The adrenal glands sit on top of our kidneys and their main function is to produce and secrete the hormone commonly known as cortisol (some people know it as the stress hormone). Cortisol is produced by the body and coincides with our wake-sleep cycle (circadian rhythm). Cortisol levels are supposed to be highest when we wake and shortly thereafter and decrease as the day goes on so that they are at their lowest at bedtime and throughout the first half of the night. It’s kind of our body’s way of preparing to great the day and be ready for anything that may be thrown at us. If your wake-sleep cycle is thrown off by periods of unrest (i.e. newborn/infant waking 2-3 times a night), likely your cortisol rhythm So how is cortisol released? The HPA-Axis begins a conversation with the rest of the system. An outside stressor affects our body–the hypothalamus senses this and releases a hormone called, corticotropin-releasing hormone (CRH) that triggers the pituitary gland to release andrenocorticotropin hormone (ACTH) which then tells the adrenal glands to produce cortisol. When this happens, cortisol is released into our bloodstream for 15-minutes at a constant rate. (Jameson 2003-2012) Have you ever gone to go get your wallet from your purse only to see it isn’t there? You know the feeling where your heart stops and then drops and the tingling that almost immediately happens while you scream, “where’s my wallet?! Where’s my wallet!? Where the eff is my wallet?!?” That is quite literally the physical manifestation and feeling of your body acting to an outside stressor and the release of cortisol into your system.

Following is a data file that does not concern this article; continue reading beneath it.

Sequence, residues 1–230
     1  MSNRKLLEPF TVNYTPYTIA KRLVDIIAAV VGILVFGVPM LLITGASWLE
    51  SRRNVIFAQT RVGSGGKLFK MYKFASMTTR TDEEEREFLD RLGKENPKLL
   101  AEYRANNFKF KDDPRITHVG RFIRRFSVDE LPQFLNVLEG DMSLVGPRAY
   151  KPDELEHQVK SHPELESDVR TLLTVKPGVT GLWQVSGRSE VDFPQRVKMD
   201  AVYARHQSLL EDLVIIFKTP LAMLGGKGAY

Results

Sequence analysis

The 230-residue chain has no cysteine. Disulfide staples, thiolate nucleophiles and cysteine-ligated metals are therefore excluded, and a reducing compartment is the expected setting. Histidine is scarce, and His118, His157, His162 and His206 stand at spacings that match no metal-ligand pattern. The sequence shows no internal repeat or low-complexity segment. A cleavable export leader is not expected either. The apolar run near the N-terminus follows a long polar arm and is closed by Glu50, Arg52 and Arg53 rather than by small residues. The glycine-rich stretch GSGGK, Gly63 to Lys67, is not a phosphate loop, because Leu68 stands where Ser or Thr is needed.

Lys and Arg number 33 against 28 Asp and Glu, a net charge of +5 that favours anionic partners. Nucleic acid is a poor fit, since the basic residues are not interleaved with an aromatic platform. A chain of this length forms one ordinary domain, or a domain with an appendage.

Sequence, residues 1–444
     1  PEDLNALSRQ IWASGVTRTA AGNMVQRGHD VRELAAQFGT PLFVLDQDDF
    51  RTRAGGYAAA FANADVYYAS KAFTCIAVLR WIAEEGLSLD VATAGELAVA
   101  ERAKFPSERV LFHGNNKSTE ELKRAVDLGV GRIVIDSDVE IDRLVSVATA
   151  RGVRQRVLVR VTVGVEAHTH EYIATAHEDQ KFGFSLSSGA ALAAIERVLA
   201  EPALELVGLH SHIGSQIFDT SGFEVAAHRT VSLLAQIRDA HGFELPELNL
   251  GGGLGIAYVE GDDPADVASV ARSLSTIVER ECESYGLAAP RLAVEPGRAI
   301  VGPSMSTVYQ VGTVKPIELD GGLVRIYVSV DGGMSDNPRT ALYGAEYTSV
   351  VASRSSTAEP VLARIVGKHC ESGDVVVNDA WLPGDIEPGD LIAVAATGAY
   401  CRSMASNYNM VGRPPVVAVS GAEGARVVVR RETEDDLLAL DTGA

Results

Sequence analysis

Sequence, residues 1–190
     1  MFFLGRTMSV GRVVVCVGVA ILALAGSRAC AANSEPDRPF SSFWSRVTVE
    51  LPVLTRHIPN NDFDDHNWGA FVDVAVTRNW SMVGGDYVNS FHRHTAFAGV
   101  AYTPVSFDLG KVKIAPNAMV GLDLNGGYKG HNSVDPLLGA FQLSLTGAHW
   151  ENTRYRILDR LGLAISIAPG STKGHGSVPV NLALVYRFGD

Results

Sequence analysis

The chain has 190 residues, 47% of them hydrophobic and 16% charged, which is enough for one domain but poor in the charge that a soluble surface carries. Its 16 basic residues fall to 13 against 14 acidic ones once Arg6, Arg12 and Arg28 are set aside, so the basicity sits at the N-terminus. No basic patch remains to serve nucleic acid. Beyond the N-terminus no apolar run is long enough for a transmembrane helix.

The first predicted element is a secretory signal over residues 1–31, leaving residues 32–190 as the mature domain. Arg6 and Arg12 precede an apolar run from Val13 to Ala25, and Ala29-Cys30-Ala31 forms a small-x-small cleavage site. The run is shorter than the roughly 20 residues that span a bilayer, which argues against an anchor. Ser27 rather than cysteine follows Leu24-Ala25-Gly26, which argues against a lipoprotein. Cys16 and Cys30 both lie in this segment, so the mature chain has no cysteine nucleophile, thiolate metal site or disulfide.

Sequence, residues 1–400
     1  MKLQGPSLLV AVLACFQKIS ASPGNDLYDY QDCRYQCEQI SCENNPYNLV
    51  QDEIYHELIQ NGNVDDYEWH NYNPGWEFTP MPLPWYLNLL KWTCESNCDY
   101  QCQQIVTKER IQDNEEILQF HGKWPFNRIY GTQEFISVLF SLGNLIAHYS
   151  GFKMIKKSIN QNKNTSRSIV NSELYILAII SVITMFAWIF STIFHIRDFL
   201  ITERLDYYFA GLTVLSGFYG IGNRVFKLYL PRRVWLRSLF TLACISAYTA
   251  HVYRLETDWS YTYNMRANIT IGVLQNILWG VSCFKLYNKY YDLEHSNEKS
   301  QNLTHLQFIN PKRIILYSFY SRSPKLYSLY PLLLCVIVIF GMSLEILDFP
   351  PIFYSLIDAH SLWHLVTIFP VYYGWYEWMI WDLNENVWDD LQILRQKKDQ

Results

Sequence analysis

Diane Sanfilippo, of the blog and podcast Balanced Bites , and author of the e-book (which is coming out in hardback format later this year) The 21-Day Sugar Detox, and multi-time NY Times bestseller Practical Paleo, talks a lot about adrenal fatigue due to her personal experience with it. In episode 15, she talks about how our bodies essentially learn what stresses us, stores that information, and then supplies the same reaction no matter if we are actually stressed or not. The example she gives is sitting in traffic—during the week we may be stressed because we are trying to get to work on time. But over time, our bodies associate traffic with stress—on the weekend when we have nowhere to go we find ourselves stuck in traffic and while we do not think it to be a big deal, our body is already working on sending that 911-stress signal because it knows traffic=stress! (source: Sanfilippo, December 6, 2011) I thought this was really interesting and found it factual for me. I am a needle-phobic! I will pass out 9 times out of 10 if I need blood work or a shot; I can actually feel my body reacting as soon as I hear the word “blood work.” My heart starts to race, my breathing becomes shallow, my palms start to sweat and I get clammy, I get a feeling of ants crawling over my body, and sometimes I feel like I “gotta go,” and then after I get the needle I can feel it all just drop and I get light headed and then the stars come and next thing I know I’m waking up on the floor. This happens to me if I see a needle or if I see someone getting a needle—suffice it to say infertility treatments and the resulting barrage of blood work (for two kids!!) was interesting.
Fit Moms & Full Plates: Outside Stressors